Instead, he said, they are likely to negotiate with local leaders around Afghanistan and wait for the Americans to leave, further weakening and isolating President Ashraf Ghani. The Taliban have refused to even sit across the table from him.

Responding to the U.S. strategy shift, Mr. Ghani pledged to pursue peace, without elaborating. He tweeted late Wednesday that he had spoken with President Joe Biden and “we will work with our U.S. partners to ensure a smooth transition.”

Previously, Mr. Ghani had floated an alternative peace plan that calls for him to head an interim government until fresh elections can be held. Rejected by the Taliban, it’s seen by his political opponents as an attempt to cling to power.

Mr. Ghani’s government has been denounced for runaway corruption and divisive politics. He has embraced warlords he once shunned, like Uzbek powerhouse Rashid Dostum, accused of war crimes.

The many warlords who hold sway in Kabul have amassed considerable wealth in the last 20 years and boast loyal militias with well-equipped arsenals. Most Afghans say the U.S. and NATO troop presence has kept feuding warlords apart and fear that without it the country will collapse back into the brutal infighting that raged from 1992-1996, giving rise to the Taliban.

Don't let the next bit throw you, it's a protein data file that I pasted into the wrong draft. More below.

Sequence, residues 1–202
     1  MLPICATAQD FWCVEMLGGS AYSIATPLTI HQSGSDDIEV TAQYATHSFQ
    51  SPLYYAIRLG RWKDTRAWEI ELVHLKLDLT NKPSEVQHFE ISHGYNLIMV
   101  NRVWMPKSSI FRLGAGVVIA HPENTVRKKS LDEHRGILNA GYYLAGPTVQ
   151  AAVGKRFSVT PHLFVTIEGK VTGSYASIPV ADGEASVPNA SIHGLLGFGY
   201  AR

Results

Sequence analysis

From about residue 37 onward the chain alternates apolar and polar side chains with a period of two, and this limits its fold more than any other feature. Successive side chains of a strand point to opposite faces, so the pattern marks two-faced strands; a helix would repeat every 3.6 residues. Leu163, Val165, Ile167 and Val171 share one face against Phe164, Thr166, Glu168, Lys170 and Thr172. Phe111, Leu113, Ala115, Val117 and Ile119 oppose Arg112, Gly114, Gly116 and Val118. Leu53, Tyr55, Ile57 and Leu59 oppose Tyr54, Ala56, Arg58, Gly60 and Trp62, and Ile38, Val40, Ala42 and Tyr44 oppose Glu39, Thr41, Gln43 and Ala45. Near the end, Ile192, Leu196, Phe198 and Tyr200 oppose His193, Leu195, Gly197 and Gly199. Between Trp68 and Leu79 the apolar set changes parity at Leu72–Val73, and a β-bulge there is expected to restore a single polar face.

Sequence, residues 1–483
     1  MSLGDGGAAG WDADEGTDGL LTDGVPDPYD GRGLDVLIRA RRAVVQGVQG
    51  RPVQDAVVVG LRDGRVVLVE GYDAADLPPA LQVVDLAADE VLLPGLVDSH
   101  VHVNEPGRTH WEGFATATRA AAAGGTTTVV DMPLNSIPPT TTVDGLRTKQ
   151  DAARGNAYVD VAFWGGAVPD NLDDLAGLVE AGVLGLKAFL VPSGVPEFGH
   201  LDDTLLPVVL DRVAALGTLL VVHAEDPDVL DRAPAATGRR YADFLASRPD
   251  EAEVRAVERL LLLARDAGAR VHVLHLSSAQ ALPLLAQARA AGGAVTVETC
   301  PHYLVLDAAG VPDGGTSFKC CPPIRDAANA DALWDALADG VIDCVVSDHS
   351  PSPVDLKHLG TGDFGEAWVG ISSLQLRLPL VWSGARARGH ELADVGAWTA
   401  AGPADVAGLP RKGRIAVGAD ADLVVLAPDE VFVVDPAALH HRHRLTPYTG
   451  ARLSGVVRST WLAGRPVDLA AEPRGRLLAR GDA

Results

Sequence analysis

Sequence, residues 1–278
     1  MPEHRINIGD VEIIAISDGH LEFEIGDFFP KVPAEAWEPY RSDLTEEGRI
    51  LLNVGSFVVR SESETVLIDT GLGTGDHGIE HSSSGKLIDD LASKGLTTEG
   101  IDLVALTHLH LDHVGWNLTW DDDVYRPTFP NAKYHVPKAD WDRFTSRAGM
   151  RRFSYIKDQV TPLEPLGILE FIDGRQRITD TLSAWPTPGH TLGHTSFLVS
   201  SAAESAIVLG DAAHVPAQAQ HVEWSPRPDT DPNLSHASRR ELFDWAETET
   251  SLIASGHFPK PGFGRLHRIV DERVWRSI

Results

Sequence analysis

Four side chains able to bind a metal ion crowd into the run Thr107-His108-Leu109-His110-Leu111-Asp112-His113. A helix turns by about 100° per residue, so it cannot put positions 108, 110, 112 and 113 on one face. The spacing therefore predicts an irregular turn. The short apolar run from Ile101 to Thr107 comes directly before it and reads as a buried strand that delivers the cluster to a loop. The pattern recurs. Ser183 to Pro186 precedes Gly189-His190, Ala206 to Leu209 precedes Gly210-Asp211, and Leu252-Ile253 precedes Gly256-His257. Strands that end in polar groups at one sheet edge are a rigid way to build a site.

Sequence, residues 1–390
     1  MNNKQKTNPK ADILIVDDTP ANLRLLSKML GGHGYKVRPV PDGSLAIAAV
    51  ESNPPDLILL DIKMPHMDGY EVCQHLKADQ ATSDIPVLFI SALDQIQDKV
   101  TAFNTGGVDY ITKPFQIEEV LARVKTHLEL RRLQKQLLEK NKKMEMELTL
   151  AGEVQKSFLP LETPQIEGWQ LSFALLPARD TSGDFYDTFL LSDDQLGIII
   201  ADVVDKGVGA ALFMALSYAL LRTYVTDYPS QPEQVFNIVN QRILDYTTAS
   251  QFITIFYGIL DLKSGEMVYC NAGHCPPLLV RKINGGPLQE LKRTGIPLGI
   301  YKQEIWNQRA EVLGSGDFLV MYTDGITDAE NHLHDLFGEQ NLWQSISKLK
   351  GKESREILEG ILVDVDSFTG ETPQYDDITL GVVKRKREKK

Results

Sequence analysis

The previous Trump deal with the Taliban had imposed conditions. The big one was that the Taliban break with their longtime ally, Al Qaeda, and stand against other militants before U.S. troops would withdraw.

A senior Taliban official earlier told The Associated Press that the group last month ordered the remnants of Al Qaeda and other militants out of the country and told its own fighters not to associate with foreign fighters.

Asfandyar Mir, at the Center for International Security and Cooperation at Stanford University, said the order against foreign fighters was a good first step. But he noted it only confirms the Taliban’s use of foreign fighters, which it long denied – even as publications affiliated to the Taliban and Al Qaeda touted Al Qaeda’s oath of loyalty to the Taliban leader, Hibatullah Akunzada.

Mr. Mir also pointed to the evidence of  Al Qaeda operations even in recent years in areas under Taliban control.

Controlling militant groups will be even harder if Afghanistan tumbles into chaos.

Michael Kugelman, deputy director of the Asia Program at the U.S.-based Wilson Center said that it’s “hard to imagine any scenario under which peace would break out post-Sept. 11 in Afghanistan.”

“The best hope is that the peace process won’t be dead,” he said.

This story was reported by The Associated Press.